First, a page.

Friday, November 24, 2017

How To Interact With Service Animals

Think of a service animal as an animal with a job to do for a person with a disability. Most associate a service dog with someone who is blind. A service dog that has been trained as a guide for a blind person at one of the facilities listed in Ontario Regulation 58 under the Blind Persons’ Rights Act Service is more commonly named a “guide” dog.

Animals can also be employed by people with autism or other developmental/intellectual disabilities, mental-health disabilities, physical disabilities, epilepsy or seizure disorders, and by people who are deaf or hard of hearing.

The Customer Service Standard states that you must have a policy in place to allow people with disabilities to be accompanied by their guide dog or service animal in areas of your business that are open to the public. Where a law excludes an animal from your premises, explain why the animal is excluded and explore or discuss with your customer another way of providing service.

Not all service animals wear special collars or harnesses. If you’re not sure if the animal is a pet or a service animal, do not be afraid to ask your customer. If it is not obvious that the animal is a service animal, you are not required to allow the animal on your premises if the person does not have a letter from a physician or nurse, or an identification card from the Ministry of the Attorney General.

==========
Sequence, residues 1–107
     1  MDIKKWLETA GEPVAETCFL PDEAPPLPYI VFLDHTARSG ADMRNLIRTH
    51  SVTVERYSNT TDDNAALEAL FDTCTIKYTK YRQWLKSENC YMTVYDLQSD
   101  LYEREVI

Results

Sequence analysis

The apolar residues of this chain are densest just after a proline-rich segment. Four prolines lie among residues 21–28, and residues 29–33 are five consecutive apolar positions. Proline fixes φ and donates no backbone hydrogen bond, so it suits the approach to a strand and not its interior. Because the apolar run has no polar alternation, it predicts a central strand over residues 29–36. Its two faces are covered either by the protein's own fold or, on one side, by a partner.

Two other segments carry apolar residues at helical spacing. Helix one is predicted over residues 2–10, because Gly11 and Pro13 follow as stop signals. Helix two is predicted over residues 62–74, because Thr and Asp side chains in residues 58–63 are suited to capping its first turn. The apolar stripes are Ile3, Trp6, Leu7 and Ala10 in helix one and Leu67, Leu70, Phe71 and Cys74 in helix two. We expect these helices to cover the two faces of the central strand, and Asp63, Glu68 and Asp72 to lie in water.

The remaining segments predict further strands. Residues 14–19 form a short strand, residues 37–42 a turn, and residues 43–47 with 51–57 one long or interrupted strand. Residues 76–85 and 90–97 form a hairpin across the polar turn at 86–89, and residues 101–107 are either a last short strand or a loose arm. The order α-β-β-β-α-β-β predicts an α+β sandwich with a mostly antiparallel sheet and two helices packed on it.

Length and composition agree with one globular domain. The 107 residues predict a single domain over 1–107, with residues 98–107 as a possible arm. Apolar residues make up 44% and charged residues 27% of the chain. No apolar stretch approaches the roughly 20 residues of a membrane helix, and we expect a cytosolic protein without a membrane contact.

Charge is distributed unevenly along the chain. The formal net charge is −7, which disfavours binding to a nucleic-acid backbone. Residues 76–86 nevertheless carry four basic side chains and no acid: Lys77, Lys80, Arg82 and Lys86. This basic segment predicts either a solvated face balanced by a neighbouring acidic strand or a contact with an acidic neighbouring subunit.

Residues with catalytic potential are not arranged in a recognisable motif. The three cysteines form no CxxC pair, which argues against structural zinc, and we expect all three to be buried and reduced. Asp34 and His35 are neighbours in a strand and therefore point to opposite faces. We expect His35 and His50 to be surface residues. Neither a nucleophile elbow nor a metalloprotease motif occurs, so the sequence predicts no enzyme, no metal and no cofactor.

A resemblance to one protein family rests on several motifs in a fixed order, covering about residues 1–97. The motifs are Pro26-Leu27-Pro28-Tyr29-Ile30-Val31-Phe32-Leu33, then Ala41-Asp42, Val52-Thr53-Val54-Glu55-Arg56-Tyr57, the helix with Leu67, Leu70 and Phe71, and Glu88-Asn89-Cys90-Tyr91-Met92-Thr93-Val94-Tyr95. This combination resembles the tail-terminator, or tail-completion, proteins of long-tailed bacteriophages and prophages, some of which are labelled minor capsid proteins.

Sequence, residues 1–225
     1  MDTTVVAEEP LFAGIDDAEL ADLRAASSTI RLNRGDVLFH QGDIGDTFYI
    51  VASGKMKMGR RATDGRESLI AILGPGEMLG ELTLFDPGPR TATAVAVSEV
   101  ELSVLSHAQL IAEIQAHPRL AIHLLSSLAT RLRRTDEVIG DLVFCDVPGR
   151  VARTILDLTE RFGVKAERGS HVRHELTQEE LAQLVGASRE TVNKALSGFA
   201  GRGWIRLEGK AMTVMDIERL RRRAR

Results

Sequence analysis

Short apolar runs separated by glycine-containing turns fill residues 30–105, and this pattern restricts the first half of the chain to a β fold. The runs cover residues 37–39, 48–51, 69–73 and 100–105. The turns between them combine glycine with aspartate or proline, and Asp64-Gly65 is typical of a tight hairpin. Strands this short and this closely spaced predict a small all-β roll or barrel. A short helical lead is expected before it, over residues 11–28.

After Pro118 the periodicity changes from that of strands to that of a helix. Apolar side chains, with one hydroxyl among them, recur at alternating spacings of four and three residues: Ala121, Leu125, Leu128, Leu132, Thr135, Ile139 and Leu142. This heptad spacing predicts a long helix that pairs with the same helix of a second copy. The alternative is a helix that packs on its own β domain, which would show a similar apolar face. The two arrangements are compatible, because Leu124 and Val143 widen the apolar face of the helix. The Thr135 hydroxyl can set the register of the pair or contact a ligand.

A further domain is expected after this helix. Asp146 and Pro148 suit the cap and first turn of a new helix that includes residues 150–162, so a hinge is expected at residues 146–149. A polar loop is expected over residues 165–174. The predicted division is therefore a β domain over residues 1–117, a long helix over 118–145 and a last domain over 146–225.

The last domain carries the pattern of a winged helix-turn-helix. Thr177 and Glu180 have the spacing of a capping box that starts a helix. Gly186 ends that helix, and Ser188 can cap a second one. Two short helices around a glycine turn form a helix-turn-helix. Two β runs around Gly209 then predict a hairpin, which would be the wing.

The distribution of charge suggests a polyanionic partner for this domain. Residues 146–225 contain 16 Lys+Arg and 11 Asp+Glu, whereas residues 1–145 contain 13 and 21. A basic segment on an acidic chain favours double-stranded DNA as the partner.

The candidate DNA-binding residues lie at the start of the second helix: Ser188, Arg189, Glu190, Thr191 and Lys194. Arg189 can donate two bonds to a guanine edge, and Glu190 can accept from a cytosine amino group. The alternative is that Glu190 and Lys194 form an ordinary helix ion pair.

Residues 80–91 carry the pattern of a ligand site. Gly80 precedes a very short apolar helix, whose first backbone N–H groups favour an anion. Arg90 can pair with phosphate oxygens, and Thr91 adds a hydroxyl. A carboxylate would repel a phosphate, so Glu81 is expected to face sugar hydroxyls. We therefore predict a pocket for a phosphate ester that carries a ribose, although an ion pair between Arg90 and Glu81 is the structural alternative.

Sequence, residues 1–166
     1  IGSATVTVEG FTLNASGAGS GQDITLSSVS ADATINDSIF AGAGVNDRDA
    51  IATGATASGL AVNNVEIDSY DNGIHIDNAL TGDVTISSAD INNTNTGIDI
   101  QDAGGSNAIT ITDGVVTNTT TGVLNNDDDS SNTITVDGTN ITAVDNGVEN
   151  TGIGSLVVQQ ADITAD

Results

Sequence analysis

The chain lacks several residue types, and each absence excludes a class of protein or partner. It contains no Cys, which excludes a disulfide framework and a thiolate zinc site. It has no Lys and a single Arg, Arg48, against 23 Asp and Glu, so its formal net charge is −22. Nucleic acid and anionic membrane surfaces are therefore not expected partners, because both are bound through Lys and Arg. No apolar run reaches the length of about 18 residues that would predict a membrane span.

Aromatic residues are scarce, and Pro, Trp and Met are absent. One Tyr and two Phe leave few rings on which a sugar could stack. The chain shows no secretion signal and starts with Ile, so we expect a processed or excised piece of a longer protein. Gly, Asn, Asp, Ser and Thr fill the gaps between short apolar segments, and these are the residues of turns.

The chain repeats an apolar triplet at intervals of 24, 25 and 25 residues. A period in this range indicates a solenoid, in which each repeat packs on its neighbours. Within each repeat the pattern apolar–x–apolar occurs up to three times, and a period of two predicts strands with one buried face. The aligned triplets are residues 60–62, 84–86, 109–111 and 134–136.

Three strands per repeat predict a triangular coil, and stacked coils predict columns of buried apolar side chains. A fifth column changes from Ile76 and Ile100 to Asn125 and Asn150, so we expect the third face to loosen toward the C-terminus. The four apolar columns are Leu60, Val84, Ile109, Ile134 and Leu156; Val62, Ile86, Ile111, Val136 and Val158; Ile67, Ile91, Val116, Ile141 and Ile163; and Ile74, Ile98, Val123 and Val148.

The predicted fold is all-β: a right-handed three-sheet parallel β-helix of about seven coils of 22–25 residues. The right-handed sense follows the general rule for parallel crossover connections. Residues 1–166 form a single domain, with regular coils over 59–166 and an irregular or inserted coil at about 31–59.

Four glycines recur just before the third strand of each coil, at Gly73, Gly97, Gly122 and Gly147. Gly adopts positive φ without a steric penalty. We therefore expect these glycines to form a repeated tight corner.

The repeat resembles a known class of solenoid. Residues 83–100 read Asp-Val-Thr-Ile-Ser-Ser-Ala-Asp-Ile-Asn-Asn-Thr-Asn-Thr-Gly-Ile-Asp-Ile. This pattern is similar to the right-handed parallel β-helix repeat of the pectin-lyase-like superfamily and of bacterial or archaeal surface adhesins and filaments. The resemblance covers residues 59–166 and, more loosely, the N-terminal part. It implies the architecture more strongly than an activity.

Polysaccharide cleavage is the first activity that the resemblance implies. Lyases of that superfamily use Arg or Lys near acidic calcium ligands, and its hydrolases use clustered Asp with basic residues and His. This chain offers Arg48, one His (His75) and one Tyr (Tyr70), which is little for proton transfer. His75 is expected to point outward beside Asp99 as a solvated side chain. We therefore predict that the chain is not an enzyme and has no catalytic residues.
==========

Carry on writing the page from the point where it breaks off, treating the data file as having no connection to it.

Do not touch or address service animals – they are working and have to pay attention at all times. You should anticipate situations that may require special instructions. Some examples may include when you are serving two customers, one of whom uses a service animal, and another who has an allergy to animals or when you have a policy on pets.

Welcoming people with a disability

It is difficult to anticipate the needs of all customers. However, learning about the experiences of customers with various disabilities and the barriers they face will help you to anticipate their needs and to offer accessible services.

Consider people with a vision loss, for example. Very few people are totally blind. Many have limited vision such as tunnel vision, where a person has a loss of peripheral or side vision, or a lack of central vision, which means they cannot see straight ahead. Some can see the outline of objects while others can see the direction of light.

Vision loss can result in difficulty reading or seeing faces, difficulty maneuvering in unfamiliar places, the inability to differentiate colours or distances, a narrow field of vision, the need for bright light, or contrast or night blindness. In some cases, it may be difficult to tell if a person has a vision disability. This is but one example of a disability that illustrates varying levels of ability and the different barriers people may face.